AN overall selling average of £130.05 for 4,297 head, up £6.72 on the year, was recorded at the high profile opening North of England Mule gimmer lamb show and sale at CCM Skipton Auction Mart. (Tues, Sept 5).

CCM’s livestock sales manager Ted Ogden commented: “The hard facts show a slightly better trade generally on the year, boosted by the availability of better grazing and a couple of days of fine weather, which allowed breeders to consign lambs dry and in fine bloom, and, fair to say, in a brighter condition than 2022, with most vendors reporting a slight rise, in line with the sale average.

“An improved trade was witnessed for vendors’ first pens, while lambs suitable to take the ram this year were also in high demand regardless of colour, with light-headed tuppers again finding a strong enquiry and this generally pulled along the running lamb trade to be in front of expectations.”

Breed stalwarts from across a wide region were again well represented at what is one of the earliest official ewe lamb sales to be staged solely on behalf of members of the North of England Mule Sheep Association (NEMSA), often an effective barometer to potential future trading levels at annual seasonal sales across the north.

In turn, a good ringside of travelled buyers again flocked to the North Yorkshire highlight, successfully taking home lambs to a wide area across England and Scotland, with regular buyers keen to purchase quality and lambs with a good health status and vaccinations already in place.

Defending champions from previous years successfully defended their crowns, the Forest of Bowland Walkers again winning the flagship 10s show class for an unprecedented fifth year running, the North Craven Booths making it a hat-trick of consecutive victories with their 20s.

The Walker family - Geoff and Margaret and sons, John and Rob - from Brennand Farm, Dunsop Bridge, earned further bragging rights when claiming the sale’s leading price of £280 per head, a nice rise on the year for a straight sale, with their title-winning 10s, the majority again by home-bred Bluefaced Leicester tups, chiefly, Brennand P10 and N9, plus one each by Midlock and Shitlington tups.

They retained the Chester Knellor Memorial Trophy, presented by daughter Christine Bridges and husband John, from Foulridge, along with the Ciba Geigy Perpetual Trophy. The Walkers also consigned the similarly bred sixth prize 20s pen, sold at £158.

The repeat champion 20s from father and son, David and Robin Booth, of Old Hall Farm Feizor, north of Settle – Robin was ably assisted by 12-year-old daughter Erin - also made top price in section of £225 each. The majority were again by home-bred Smearsett tups, with others by Midlock and Harkerside rams. They, too, received a Ciba Geigy Perpetual Trophy Of the other vendors making £200 or over for pens of lambs, Wharfedale father and son, Francis and James Caton, of Weston Hall Farm, Weston, were again to the fore when presenting the third and fourth prize tens, away at £210 and £230 respectively, along with the second and third prize 20s, these making £165 and £160. Prominent among their breeding was a Michael James Duhonw tup acquired two years ago, others by both home-bred and Reed family rams.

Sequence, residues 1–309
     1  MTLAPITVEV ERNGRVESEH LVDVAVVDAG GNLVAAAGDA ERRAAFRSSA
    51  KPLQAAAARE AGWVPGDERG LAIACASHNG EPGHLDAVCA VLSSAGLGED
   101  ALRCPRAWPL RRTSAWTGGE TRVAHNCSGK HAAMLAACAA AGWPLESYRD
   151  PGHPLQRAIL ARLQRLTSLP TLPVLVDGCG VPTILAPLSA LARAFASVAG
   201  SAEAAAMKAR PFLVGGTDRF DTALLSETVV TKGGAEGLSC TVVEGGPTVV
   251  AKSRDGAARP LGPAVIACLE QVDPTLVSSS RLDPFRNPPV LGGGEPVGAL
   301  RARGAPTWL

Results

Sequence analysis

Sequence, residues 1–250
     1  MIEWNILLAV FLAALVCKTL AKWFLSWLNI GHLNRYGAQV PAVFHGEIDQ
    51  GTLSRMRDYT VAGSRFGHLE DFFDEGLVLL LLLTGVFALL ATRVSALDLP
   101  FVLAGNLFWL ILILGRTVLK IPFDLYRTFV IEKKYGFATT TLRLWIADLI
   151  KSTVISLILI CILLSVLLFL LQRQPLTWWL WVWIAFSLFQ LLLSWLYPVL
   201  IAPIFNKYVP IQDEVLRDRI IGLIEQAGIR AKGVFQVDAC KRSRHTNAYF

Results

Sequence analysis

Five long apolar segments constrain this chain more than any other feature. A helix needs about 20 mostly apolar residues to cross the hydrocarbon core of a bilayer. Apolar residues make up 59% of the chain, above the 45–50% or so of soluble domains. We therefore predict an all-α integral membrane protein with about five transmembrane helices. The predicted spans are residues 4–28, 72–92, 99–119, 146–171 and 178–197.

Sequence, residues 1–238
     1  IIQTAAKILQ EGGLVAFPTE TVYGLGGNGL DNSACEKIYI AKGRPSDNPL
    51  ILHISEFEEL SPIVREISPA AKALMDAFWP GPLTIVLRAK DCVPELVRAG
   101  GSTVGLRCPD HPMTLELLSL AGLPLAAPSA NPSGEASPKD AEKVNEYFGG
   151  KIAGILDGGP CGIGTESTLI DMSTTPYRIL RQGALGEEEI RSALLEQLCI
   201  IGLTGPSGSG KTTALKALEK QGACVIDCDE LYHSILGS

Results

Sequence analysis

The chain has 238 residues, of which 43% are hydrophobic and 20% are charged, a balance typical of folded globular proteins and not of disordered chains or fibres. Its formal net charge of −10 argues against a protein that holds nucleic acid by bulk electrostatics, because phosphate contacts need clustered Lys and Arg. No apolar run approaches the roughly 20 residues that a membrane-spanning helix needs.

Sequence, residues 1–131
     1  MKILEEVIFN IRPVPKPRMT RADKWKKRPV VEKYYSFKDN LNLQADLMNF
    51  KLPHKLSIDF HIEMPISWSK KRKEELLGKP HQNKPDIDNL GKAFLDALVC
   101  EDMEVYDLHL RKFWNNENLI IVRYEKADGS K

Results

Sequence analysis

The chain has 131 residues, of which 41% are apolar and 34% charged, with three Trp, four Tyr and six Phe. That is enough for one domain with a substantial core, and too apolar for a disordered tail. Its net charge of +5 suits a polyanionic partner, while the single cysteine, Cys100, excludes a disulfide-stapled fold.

The Kitching family, of Grisedale Farm, Threshfield, claimed the runners-up slot with their 10s, selling at £200, plus another pen at £190, along with the fourth prize 20s, away at £170. Kevin Wilson, who farms with his wife Daphne and son, James, at Hewness House Farm, Blubberhouses, hit £200 with their fifth prize tens, the Walker family in Appletreewick, standing sixth in class, their charges selling at £180. From Embsay, the fifth prize 20s from John and Claire Mason, and daughter Annabel, made £165.

CCM Auctions again awarded prizes for the highest flock averages. Heading the trade with 100 or more lambs were the Wharfedale Catons with 210 to average £148.98, followed by the Oddacres Masons with 195 at £139.02, then Ellis Bros, Addingham Moorside, with 162 at £135.35 The leading average for under 100 lambs fell to the Dunsop Bridge Walkers with 70 at £162.86, then the North Craven Booths with 81at £157.90, and Jeff and Judith Throup, Silsden Moor, with 40 at £139.75. A standalone competition for the best run of lambs, judged by James and Will Hall, also fell to the prolific Catons.

The pre-sale prize show was busy, with 24 pens of sheep brought out. Tens were judged by Denise Elliott, Mungrisedale, and John Harry Hitchen, Luddendenfoot, 20s by Ian Woodward, Belper, and Stuart Rogers, Barnstaple. Show main sponsors were Skipton NFU Mutual, supported by Carr’s Billington, WBW Surveyors,  Armstrong Watson Accountants, Shepherd Partnership Accountants and Harrison Drury Solicitors.

CCM Skipton’s second official NEMSA gimmer lamb sale is on Tuesday, September 19.